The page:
Integrity belongs to the Lord our God; to us the look of shame we wear today, to us, the people of Judah and the citizens of Jerusalem, to our kings and princes, our priests, our prophets, as to our ancestors, because we have sinned in the sight of the Lord, have disobeyed him, and have not listened to the voice of the Lord our God telling us to follow the commandments which the Lord had ordained for us. From the day when the Lord brought our ancestors out of the land of Egypt until today we have been disobedient to the Lord our God, we have been disloyal, refusing to listen to his voice. And so the disasters, and the curse which the Lord pronounced through his servant Moses the day he brought our fathers out of Egypt to give us a land where milk and honey flow, have seized on us, disasters we experience today. Despite all the words of those prophets whom he sent us, we have not listened to the voice of the Lord our God, but, each following the dictates of his evil heart, we have taken to serving alien gods, and doing what is displeasing to the Lord our God.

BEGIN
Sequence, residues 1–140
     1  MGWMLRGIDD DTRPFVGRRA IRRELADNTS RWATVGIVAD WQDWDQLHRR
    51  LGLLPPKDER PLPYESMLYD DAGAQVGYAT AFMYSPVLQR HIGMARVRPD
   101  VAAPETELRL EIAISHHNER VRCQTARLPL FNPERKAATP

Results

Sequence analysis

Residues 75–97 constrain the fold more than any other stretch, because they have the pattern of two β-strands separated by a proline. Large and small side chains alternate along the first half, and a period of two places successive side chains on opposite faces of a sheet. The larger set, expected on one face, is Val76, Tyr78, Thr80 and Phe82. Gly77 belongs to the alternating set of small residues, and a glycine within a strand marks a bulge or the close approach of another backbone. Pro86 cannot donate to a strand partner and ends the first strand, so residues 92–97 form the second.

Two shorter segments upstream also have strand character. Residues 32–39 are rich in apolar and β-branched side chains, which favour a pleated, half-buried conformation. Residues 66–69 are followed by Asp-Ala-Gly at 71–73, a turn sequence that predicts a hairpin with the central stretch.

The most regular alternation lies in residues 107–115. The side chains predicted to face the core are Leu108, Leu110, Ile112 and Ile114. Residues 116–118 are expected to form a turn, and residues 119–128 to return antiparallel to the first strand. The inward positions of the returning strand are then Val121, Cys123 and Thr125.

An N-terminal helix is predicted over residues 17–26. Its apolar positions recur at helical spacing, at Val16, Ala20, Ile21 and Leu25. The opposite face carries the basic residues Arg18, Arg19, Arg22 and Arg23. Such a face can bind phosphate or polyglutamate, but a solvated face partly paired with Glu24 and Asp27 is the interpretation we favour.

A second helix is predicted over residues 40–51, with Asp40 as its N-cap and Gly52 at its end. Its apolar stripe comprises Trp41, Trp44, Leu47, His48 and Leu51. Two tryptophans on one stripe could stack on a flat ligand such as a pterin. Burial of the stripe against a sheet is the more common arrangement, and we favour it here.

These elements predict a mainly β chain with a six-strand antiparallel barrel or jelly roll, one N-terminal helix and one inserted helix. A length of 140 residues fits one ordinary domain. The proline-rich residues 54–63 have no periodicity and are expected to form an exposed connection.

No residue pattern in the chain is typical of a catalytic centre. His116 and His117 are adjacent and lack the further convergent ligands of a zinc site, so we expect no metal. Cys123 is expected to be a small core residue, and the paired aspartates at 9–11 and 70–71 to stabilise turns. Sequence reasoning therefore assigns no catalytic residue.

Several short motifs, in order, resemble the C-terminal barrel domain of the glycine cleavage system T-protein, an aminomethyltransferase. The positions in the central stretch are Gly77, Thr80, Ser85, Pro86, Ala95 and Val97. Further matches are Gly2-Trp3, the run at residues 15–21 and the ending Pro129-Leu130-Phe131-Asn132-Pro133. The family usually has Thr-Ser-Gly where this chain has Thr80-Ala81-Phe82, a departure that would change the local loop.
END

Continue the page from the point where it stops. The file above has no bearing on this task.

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Luke 10:13-16

Jesus said to his disciples: ‘Alas for you, Chorazin! Alas for you, Bethsaida! For if the miracles done in you had been done in Tyre and Sidon, they would have repented long ago, sitting in sackcloth and ashes. And still, it will not go as hard with Tyre and Sidon at the Judgement as with you. And as for you, Capernaum, did you want to be exalted high as heaven? You shall be thrown down to hell.

‘Anyone who listens to you listens to me; anyone who rejects you rejects me, and those who reject me reject the one who sent me.’

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We have been disobedient to the Lord our God, we have been disloyal, refusing to listen to his voice